The invention described herein is a rotating, reusable shoe apparatus, and method of using same, which eliminates the need for a conventional preform in the creation of workpieces made entirely from deposited weld metal. The rotating, reusable shoe provides the underlying form, necessary puddle support, and cooling for the weld metal as it is deposited and solidifies. Due to features in the shoe's design, its surface is not melted during welding, never bonds to the workpiece, and does not adversely affect the composition of the as-deposited weld metal. Therefore, the use of this device allows the workpiece to achieve the desired shape without using the added expense associated with a conventional preform.
Accordingly, one aspect of the present invention is drawn to an apparatus for building an axially symmetrical workpiece by deposit welding. The apparatus comprises a welding head translatable along the axis of the workpiece for depositing molten weld material; a rotatable, reusable shoe held in friction contact with the workpiece for forming, supporting and cooling the molten weld metal deposited directly on the surface thereof; means for rotating the workpiece and, by friction, the shoe held in contact therewith, as the welding head deposits molten weld material on the surface of the shoe; and means for translating the shoe and the welding head together for continuously providing a new, fresh region of the shoe surface underneath the welding head to consistently cool the molten weld material as it is deposited.
Another aspect of the present invention is drawn to an apparatus for building an axially symmetrical workpiece by deposit welding having the above features which further provides means for varying the tilt angle between the shoe surface and the axis of the workpiece so as to vary the geometry of the workpiece, thus providing an apparatus having horizontal, vertical, and rotational flexibility which would allow the production of various geometry workpieces using a single shoe design.
Yet another aspect of the present invention is drawn to a method for building an axially symmetrical workpiece by deposit welding, comprising the steps of: depositing molten weld material using a welding head translatable along the axis of the workpiece onto a surface of a rotatable, reusable shoe held in friction contact with the workpiece; rotating the workpiece, and, by friction, the shoe held in contact therewith, during the deposition of the molten weld material to the surface of the shoe; and translating the shoe and the welding head together to continuously provide a new, fresh region of the shoe surface underneath the welding head to consistently cool the molten weld material as it is deposited.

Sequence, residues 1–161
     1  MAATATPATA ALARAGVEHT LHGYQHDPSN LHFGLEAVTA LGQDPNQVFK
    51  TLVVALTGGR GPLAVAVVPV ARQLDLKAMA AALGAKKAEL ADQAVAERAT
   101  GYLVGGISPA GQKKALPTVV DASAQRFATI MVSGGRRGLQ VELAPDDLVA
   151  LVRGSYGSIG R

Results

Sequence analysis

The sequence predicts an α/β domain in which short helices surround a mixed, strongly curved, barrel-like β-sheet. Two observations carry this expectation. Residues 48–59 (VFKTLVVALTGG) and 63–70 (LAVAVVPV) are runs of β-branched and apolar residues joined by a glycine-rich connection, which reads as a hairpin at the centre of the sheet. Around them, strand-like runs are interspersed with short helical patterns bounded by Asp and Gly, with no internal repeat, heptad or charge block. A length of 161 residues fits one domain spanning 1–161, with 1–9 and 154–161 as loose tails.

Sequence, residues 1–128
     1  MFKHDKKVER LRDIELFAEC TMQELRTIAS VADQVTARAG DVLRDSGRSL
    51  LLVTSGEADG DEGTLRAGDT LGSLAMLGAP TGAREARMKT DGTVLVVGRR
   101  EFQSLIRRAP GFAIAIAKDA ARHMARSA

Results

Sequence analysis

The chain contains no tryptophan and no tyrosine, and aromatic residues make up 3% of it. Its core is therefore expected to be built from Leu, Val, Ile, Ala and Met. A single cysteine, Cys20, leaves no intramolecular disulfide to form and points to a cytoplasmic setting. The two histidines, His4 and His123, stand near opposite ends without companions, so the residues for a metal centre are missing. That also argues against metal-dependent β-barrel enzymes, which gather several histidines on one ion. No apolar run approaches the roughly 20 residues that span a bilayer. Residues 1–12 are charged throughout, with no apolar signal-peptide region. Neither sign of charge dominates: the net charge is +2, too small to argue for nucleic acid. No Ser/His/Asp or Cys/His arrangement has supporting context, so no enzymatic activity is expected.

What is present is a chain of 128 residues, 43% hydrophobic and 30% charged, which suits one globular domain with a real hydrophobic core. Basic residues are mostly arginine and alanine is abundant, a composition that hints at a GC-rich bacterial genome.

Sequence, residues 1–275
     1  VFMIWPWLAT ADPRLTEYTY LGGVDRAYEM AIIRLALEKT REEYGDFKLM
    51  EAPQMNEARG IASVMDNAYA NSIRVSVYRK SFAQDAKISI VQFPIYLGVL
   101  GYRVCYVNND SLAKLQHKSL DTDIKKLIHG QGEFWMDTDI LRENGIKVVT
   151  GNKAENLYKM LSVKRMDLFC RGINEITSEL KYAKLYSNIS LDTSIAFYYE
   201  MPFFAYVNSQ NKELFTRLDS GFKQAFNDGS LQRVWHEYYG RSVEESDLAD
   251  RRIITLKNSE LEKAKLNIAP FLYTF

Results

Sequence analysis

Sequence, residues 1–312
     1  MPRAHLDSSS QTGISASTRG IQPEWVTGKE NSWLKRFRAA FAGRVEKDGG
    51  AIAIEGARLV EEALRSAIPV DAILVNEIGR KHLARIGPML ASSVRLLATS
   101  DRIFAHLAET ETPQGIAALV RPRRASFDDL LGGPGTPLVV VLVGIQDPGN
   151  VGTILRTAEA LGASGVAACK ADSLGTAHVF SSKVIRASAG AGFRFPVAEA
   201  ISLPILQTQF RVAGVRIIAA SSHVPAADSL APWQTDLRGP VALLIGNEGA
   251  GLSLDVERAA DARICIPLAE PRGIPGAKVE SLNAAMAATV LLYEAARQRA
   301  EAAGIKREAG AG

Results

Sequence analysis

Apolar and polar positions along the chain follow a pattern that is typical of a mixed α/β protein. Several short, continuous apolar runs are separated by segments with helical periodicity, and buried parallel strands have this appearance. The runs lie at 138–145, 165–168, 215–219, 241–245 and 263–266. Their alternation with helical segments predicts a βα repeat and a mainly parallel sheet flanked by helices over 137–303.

The advantages of the present invention are thus immediately apparent. By providing a reusable shoe that eliminates the need for a consumable preform, the production costs associated with machining a conventional preform to a desired initial geometry for each workpiece to be manufactured are greatly reduced. Similarly, by preventing the shoe from melting in the welding arc, as is the situation when a conventional, disposable preform is used, no bond forms between the shoe and the deposited weld metal that forms the workpiece, thus eliminating contamination of the layers of the as-deposited weld metal and the subsequent machining usually required.
The various features of novelty which characterize the invention are pointed out with particularity in the claims annexed to and forming a part of this disclosure. For a better understanding of the invention, and the operating advantages attained by its use, reference is made to the accompanying drawings and descriptive matter in which a preferred embodiment of the invention is illustrated.
In the drawings:
FIG. 1 is a top view of the shape welding apparatus of the present invention;
FIG. 2 is an end view of FIG. 1, showing the shape welding apparatus of the present invention;
FIG. 3 is a side view of FIG. 2, showing the shape welding apparatus of the present invention;
FIG. 4 is an illustration of a fluid cooled shoe, partly in section, according to the present invention shown mounted on a rotary coupling; and
FIG. 5 is an illustration of a variable tilt angle of the shoe so as to achieve a variable workpiece geometry.
Referring to the Figures generally, wherein like numerals designate the same element throughout the several drawings, and to FIGS. 1, 2 and 3 in particular, one aspect of the present invention is directed to a cylindrical shoe 10 which provides the cooling, shaping, and support functions of a preform without being consumed. In operation, the shoe 10 is held in close contact with the workpiece 12. The contact point 14 coincides with the point of weld metal deposition. In order to deposit metal, the arc is drawn between the consumable wire 16 and the edge of theexisting workpiece 12. When the initial weld metal is deposited, metal deposition occurs on the edge of disposable metal starting stock. The shoe10 is electrically isolated from the welding circuit, so that the arc is not drawn to it. The arc simultaneously melts a small region at the edge of the workpiece 12 and begins deposition of molten droplets 14 of the consumable wire 16. Contact of the shoe 10 under the deposition region is controlled in such a way as to support all the molten material which is generated and to provide a means to aid in the cooling of the hot metal. In this way, the surface of the shoe 10 defines the internal surface of the Shape Melted product.